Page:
GLASSHOUSE isn’t content with being just a Folk Horror-esque thriller chronicling the mysterious actions of the film’s ensemble in a single location, but aspires to expand its premise further, taking the concept of The Shred and applying it to the notion of how memory and tradition are intertwined with personality, behavior and values. As the film unfolds, it’s revealed that The Shred reacts differently with people depending on their age and amount of exposure, so that it can do everything from stunt a child’s development to allow an adult to selectively forget certain things. The malleability of the disease carries many implications with it, especially regarding Mother’s behavior and the various histories and roles of the characters presented. GLASSHOUSE uses this conceit to unfold its narrative and themes in a consistently compelling fashion, however it means that a bit too much information is held back — or kept in ambiguous limbo — for too long. While the film is undeniably an ensemble piece, it’s not truly character-based, as the characters tend to largely be either guarded or deceitful, never fully revealing themselves. Only poor Gabe is the most straightforward, yet even he seems to hide a deeper understanding of his surroundings, despite his fellow family members believing him to be clueless. GLASSHOUSE is saved from being a frustrating experience given that its secrets and their possible interpretations are so intriguing, but its emotional moments tend to fall flat, thanks to the viewer not knowing who — or what — to trust.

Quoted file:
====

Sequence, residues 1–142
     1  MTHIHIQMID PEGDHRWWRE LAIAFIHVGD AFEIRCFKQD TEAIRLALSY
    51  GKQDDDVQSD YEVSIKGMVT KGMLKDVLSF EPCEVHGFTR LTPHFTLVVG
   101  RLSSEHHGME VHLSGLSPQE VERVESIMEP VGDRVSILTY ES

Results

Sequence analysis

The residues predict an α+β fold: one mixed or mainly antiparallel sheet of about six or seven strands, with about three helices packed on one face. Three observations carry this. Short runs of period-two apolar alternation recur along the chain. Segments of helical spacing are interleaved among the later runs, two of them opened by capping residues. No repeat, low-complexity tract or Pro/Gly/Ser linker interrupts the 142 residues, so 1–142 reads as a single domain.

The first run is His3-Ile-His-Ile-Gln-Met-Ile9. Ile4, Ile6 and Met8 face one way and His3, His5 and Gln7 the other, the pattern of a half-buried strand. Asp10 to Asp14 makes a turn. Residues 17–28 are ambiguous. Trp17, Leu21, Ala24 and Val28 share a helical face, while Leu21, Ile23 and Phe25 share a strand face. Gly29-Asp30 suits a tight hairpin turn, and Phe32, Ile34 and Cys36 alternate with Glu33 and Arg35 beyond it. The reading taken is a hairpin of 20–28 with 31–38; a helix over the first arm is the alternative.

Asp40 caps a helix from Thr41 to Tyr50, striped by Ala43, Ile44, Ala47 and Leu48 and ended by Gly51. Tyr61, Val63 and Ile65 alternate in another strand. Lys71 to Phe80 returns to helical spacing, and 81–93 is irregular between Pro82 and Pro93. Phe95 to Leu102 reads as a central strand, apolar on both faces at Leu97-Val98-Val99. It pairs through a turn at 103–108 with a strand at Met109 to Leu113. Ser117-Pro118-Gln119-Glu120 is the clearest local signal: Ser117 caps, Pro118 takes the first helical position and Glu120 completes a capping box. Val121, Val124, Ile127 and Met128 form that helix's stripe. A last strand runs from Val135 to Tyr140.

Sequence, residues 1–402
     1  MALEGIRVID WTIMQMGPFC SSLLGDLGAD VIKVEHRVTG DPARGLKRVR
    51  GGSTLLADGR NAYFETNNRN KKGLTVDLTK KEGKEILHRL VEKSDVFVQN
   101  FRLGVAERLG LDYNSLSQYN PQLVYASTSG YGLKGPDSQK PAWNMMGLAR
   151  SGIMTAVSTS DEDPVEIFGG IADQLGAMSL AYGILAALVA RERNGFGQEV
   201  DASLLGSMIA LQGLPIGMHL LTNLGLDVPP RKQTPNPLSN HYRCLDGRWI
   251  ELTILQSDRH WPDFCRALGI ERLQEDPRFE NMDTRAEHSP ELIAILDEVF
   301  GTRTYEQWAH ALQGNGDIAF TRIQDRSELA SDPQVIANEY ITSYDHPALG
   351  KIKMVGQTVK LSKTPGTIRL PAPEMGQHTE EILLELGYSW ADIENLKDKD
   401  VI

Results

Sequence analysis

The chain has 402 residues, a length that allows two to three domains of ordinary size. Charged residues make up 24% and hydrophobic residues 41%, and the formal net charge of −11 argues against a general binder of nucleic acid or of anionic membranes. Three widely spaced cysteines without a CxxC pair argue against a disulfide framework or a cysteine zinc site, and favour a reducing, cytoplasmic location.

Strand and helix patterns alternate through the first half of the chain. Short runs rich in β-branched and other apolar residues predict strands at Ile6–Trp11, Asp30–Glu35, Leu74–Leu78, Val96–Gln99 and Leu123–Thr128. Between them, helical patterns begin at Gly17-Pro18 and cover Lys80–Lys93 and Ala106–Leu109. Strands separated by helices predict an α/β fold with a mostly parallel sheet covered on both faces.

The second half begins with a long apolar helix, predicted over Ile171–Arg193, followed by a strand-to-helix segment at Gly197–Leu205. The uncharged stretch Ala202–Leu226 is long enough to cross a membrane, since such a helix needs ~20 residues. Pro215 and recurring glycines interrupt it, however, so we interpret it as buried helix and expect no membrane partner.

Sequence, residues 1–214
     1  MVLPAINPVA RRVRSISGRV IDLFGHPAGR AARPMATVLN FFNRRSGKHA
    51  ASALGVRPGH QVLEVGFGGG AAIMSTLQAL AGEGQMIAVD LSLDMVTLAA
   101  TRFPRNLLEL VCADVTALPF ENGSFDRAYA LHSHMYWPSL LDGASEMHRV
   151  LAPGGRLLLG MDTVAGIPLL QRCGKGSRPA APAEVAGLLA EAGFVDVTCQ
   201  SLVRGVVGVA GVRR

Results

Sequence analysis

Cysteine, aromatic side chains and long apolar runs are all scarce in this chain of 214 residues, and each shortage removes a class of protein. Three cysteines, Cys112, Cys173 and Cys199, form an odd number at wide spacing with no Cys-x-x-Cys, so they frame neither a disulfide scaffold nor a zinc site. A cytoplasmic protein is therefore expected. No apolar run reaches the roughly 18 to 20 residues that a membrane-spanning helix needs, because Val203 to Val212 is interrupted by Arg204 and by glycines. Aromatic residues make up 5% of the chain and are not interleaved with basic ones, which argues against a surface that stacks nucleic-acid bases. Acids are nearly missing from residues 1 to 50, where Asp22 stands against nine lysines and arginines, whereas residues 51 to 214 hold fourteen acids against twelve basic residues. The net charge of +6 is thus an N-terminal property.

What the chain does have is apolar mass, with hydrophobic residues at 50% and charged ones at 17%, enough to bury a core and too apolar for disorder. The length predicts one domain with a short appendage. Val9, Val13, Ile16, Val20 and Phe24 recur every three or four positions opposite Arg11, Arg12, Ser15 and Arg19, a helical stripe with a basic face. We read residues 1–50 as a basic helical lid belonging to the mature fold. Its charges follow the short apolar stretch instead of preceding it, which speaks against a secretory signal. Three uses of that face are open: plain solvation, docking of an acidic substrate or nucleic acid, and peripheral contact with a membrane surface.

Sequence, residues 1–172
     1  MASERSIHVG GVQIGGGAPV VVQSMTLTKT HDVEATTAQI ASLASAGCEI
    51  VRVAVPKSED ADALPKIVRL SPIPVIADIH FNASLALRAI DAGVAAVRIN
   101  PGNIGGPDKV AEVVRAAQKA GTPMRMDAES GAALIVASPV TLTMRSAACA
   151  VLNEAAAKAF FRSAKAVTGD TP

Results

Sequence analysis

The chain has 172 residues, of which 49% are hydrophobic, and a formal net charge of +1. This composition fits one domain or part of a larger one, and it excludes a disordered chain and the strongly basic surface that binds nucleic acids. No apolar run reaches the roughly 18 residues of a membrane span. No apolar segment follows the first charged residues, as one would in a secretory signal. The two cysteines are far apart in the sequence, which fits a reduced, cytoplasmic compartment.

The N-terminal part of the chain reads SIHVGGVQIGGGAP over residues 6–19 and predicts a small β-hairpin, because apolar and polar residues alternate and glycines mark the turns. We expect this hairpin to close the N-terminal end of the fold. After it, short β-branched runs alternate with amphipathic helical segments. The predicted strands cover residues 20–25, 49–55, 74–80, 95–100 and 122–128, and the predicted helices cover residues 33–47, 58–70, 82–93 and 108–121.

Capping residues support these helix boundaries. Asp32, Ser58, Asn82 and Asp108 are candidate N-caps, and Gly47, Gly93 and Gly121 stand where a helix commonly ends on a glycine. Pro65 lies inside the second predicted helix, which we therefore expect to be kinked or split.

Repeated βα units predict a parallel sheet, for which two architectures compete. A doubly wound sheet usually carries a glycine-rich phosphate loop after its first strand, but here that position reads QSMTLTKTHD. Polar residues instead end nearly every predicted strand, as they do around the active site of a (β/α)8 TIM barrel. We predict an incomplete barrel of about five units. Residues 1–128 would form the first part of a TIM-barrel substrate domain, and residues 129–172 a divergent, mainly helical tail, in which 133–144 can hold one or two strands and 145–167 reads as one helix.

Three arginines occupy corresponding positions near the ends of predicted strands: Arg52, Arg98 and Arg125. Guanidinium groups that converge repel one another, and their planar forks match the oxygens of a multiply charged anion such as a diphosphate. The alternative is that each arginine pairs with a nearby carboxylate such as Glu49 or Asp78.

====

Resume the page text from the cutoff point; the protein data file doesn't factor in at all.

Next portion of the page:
Given that it’s handling themes and material that could easily have lent itself to more obnoxious or pretentious presentation, GLASSHOUSE is admirable in the way it manages to keep its ambiguity alive all the way to the end. While some major reveals do occur, the movie leaves enough room to be discredited even when it seems to be on the level, providing imagery in flashbacks and discoveries in the final moments that would seem to contradict what’s previously been established. In most other films, this sort of thing would be more frustrating than not, but GLASSHOUSE makes its mysteries part of the entire point of its story, with the audience left in the same state of oblivion as its characters. In this way, its theme of family, history, and tradition being unreliable becomes that much more pervasive. It’s a movie that acknowledges that no single person can keep the whole history of a family alive for generations, let alone an entire people. There’s a distinct thread of “ignorance is bliss”-esque fatalism inherent in the movie — as the constantly worried Evie says to comfort Daisy, “the less you hope, the safer you’ll be.” Sad as it is, perhaps this fatalism is GLASSHOUSE’s kindest gift to those of us still in the “Age of Pandemics,” reassuring us that humanity will carry on and endure past extreme hardship, even if it has to cruelly change form to do so. Then again, the film also acts as a warning: we seem to not have a good or long enough memory to stop repeating our mistakes, and putting our trust in the hands of those who purport to remember everything — and make sacrifices on our behalf, supposedly in our best interests — is perhaps not the smartest choice. As our world and people face these very questions at present, it’s encouraging to see films like GLASSHOUSE engage current events so smoothly and intelligently.